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Facts: Petitioner was appointed and served as a Commercial Attache of the Department of Trade continuously for twelve years from September, 1975 to August 30, 1987. His civil service eligibilities are: Patrolman of the City of Manila (1963 CS Exam) and a Commercial Attache (1973 CS Exam). On September 1, 1987, he was transferred to the respondent PCA whereby he was extended an appointment as Deputy Administrator for Industrial Research and Market Development. The nature of his appointment was reinstatement and his employment status was temporary, for the period covering September 1, 1987 to August 30, 1988. His appointment was renewed for another six months from September 1, 1988 to February 28, 1989 also on a temporary status and subject to certain conditions to which petitioner agreed.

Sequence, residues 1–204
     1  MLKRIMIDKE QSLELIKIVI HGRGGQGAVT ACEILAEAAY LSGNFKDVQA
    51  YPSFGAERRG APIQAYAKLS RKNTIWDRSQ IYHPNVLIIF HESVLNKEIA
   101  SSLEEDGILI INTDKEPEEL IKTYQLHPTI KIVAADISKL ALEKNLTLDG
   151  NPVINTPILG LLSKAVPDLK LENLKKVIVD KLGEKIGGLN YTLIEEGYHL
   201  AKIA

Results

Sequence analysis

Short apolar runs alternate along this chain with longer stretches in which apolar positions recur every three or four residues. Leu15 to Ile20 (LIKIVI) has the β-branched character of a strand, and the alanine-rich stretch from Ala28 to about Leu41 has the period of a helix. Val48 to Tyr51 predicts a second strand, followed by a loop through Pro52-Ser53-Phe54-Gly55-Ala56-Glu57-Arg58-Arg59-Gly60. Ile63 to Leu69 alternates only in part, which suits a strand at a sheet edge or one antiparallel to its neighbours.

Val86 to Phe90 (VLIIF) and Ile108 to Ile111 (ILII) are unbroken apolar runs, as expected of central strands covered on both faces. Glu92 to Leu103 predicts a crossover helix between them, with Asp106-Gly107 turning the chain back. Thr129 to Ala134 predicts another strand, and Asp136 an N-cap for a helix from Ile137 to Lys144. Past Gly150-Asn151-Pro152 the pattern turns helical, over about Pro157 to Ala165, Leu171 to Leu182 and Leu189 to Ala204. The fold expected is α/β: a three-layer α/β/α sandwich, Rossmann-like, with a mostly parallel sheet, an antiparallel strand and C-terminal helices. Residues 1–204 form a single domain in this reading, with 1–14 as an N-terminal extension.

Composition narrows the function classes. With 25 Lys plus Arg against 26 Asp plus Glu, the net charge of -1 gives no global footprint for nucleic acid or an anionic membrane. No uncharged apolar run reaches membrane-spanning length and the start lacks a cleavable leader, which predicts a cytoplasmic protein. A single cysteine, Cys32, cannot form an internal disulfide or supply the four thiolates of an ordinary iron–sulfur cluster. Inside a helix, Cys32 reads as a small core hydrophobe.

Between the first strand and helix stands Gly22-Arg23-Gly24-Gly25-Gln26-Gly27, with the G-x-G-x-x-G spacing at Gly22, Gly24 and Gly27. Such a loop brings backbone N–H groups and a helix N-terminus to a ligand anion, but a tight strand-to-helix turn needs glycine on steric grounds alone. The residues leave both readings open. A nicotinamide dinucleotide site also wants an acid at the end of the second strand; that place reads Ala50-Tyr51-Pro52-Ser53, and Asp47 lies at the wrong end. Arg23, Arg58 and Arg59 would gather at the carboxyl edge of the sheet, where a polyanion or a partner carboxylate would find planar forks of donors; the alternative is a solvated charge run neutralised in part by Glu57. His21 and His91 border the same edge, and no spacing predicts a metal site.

When his appointment expired on February 28, 1989, the Governing Board did not renew the same so he was promptly informed thereof by the Acting Chairman of the Board of the PCA, Apolonio V. Bautista. On February 6, 1990, petitioner appealed to respondent CSC. He requested reinstatement to his previous position in PCA and in support of the request, he invoked the provisions of CSC Memorandum Circular No. 29 dated July 19, 1989. Respondent CSC denied petitioners request for reinstatement on May 2, 1990 by way of its Resolution No. 90-407, holding that CSC Memorandum Circular No. 29 was not applicable to petitioners case because it took effect on July 19, 1989 when petitioner had long been out of the government service since February 28, 1989 and that his reappointment was essentially discretionary on the part of the proper appointing authority. On May 11, 1990, respondent PCA appointed Mr. Roman Santos to the contested position. Petitioner moved for a reconsideration of Resolution No. 90-407 but it was denied by respondent CSC in Resolution No. 90-693 dated July 31, 1990. Hence, petitioner filed this petition for certiorari,prohibition and mandamus with a prayer for the issuance of a writ of preliminary injunction and/or temporary restraining order, raising the following issues